Top Tips to avoid Digital Disruption

We talked with Tony Saldanha, Advisor vyn, Global IT and Shared Services Executive, Consultant, Founder & best-selling Author of ‘Why Digital Transformations Fail’ to learn from his expertise in delivering large scale successful transformations.

Here’s Part 2 of his key lessons.

What role do innovation labs play in jump-starting digital transformation programmes?

90% of all innovation labs fail according to Cap Gemini. Disney, Coke, Target and Microsoft amongst others, have all shut down or reduced the scale of their innovation labs.

Why? It’s because setting up an ‘Innovation Lab’ does not guarantee transformation of the mothership. As a result, most innovation labs are more likely to be Innovation theatre rather than innovation drivers.

Pressed by the stakeholders to be more innovative, most boards and CEOs make well intentioned efforts to jumpstart innovation by ideas such as innovation labs. However, these are more like buying gym memberships as part of a New Year’s resolution to become fitter.

lightbulbs broke

Buying a membership does not guarantee becoming fit. To be fair, innovation labs aren’t the only form of theatre. Others include holding hackathons, Silicon Valley tourism / delegating to Corporate Ventures groups and relying too heavily on consultants. Each of these is an important tool, but in the absence of a strategy they are ineffective to jumpstart innovation.

So, what should you do instead? Firstly, start with a broader digital transformation strategy. Work on the supply side at how to generate and test ideas and on the demand side on how to adopt them. Only then, look at the tools such as innovation labs.

In other words, don’t do transformation, be transformative!

{module Video Tony Saldanha Blog (2)}

Watch Tony’s 90 second vyn on this innovation lab topic here.

To be transformative, how important would you say is the role of the teams embracing the change, particularly the middle management?

In this context, let me share a compelling statistic: in a Harvard study of 56 companies, only 32% were successful in change management. The biggest reason for failure was middle management.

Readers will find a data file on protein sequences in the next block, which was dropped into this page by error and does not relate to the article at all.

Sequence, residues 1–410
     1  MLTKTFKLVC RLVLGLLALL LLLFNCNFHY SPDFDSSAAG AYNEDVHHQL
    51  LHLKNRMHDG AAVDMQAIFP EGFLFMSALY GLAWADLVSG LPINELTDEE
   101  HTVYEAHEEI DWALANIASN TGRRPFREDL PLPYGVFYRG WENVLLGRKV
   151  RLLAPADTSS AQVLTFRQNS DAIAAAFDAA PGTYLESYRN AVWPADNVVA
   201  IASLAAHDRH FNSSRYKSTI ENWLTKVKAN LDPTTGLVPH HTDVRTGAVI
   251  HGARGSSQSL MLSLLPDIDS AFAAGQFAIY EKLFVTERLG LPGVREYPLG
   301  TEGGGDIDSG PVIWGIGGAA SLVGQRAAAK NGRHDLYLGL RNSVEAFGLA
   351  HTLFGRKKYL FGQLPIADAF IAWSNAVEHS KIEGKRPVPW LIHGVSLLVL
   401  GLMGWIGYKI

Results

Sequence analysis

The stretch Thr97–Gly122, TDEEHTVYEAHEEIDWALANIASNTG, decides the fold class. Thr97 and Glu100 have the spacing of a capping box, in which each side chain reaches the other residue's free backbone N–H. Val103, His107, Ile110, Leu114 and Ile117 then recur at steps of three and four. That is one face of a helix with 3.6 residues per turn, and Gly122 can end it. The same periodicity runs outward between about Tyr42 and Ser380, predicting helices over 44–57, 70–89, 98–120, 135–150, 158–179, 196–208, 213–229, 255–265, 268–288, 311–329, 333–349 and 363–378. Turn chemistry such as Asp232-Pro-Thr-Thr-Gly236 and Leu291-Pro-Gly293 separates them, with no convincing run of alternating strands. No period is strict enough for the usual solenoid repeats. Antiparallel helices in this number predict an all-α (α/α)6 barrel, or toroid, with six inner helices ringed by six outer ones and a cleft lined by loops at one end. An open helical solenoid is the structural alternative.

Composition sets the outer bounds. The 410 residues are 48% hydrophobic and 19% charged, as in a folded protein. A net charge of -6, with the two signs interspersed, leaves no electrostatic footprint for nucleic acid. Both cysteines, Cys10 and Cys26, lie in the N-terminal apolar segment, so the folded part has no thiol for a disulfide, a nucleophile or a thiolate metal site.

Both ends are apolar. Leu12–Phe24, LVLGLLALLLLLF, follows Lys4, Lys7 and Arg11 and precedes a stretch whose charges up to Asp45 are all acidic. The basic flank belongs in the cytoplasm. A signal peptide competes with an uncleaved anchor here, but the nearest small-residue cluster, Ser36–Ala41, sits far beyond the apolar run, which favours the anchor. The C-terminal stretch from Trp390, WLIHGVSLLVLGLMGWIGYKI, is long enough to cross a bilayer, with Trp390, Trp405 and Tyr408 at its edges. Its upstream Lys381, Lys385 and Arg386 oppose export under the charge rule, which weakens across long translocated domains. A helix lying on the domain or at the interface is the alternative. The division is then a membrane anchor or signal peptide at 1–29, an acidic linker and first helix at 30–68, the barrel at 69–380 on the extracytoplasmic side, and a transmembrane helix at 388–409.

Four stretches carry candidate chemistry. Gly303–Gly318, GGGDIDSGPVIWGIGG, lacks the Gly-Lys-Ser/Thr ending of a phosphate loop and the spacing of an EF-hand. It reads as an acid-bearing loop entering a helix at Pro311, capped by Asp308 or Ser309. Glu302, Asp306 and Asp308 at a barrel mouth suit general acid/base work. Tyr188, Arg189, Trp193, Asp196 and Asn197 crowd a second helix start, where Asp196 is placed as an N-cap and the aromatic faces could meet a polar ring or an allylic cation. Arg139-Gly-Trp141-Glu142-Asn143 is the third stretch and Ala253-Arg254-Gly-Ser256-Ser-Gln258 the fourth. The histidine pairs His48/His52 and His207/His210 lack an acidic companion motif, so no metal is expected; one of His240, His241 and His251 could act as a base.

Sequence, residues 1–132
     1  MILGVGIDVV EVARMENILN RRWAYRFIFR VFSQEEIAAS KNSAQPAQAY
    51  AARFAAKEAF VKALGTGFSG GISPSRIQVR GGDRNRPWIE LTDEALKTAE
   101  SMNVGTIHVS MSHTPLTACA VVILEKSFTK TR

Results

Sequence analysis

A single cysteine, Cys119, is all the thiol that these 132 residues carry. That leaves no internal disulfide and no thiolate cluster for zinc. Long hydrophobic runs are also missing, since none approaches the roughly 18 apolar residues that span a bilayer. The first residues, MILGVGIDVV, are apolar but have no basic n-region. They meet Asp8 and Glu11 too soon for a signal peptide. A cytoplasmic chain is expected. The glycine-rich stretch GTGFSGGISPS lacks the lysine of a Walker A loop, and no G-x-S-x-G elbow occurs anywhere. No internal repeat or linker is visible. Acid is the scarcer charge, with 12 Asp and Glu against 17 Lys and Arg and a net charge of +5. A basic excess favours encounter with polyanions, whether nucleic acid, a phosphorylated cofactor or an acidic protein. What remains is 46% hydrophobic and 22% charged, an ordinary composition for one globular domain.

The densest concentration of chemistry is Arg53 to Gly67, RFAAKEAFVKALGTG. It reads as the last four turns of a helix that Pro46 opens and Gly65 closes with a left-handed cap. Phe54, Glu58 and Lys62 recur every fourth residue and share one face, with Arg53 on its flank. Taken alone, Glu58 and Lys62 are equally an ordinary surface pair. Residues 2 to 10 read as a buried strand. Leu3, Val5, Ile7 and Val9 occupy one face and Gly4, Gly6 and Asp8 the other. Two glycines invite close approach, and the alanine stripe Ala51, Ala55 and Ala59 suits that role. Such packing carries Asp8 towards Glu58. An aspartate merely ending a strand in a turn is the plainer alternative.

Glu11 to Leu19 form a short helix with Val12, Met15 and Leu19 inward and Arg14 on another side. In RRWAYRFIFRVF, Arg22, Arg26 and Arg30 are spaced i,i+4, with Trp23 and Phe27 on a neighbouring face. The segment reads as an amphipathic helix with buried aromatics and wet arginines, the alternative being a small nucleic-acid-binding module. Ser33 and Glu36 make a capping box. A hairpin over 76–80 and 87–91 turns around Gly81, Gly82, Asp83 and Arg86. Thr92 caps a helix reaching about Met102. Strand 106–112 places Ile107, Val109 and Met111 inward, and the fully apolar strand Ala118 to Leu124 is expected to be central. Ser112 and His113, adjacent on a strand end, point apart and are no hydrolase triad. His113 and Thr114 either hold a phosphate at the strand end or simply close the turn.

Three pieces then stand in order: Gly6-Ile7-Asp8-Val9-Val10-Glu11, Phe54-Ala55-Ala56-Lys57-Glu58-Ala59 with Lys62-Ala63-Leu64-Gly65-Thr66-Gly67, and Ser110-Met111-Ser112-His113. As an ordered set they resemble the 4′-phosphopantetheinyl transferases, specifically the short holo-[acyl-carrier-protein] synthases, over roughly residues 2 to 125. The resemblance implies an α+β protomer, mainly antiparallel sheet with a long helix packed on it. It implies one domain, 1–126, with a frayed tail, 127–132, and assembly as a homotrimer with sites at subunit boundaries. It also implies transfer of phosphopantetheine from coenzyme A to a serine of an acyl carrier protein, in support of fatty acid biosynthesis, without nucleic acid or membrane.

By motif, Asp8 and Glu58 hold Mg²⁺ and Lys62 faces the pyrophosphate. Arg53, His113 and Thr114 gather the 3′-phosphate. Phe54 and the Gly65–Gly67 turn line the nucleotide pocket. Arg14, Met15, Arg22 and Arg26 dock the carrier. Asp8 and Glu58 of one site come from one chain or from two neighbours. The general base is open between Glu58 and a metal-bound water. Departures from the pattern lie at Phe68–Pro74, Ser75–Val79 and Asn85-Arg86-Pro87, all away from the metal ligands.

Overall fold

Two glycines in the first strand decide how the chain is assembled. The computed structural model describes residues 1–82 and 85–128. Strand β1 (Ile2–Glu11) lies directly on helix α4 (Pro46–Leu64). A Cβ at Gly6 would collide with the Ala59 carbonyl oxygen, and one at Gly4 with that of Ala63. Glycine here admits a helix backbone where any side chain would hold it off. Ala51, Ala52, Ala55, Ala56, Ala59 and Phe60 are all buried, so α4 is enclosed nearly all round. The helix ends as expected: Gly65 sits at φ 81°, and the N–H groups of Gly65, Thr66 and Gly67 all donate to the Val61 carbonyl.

Is this an example where the blame for change leadership needs to be placed on middle management? Is this a frozen middle? No, I don’t think so, because I think the term frozen middle is a bit pejorative. It places the responsibility for change leadership on middle management, whereas it needs to reside with us, the senior leaders.

I believe that change management fails at the middle management level for four reasons: One is that the reward structures are more driven towards operation than innovation.

Secondly, the time needed for coordination vertically and horizontally takes up most of the effort and energy of the middle managers.

Thirdly, I believe that the two worlds of innovation, disruptive innovation in particular as well as operations need some degrees of separation, because…

{tweetme} “People are not cold switches that can quickly switch back and forth. I think middle managers need to be empowered, not blamed in this case of change leadership.”{/tweetme}

So, what can we do about it?

I believe middle managers need empowerment to drive dramatic change. This is because they are a critical, but neglected part of our organisational structure. In fact, a Wharton study has determined that there is a 22% variation in the results of companies depending on how well middle managers are empowered.

If managers can indeed drive dramatic change, is there a case for disrupting your own business model to be more successful?

Yes this is something I feel strongly about. Let me ask you this. Why is it that Netflix keeps disrupting itself constantly, whereas other innovative companies have gone bankrupt? How can you avoid eventual disruption?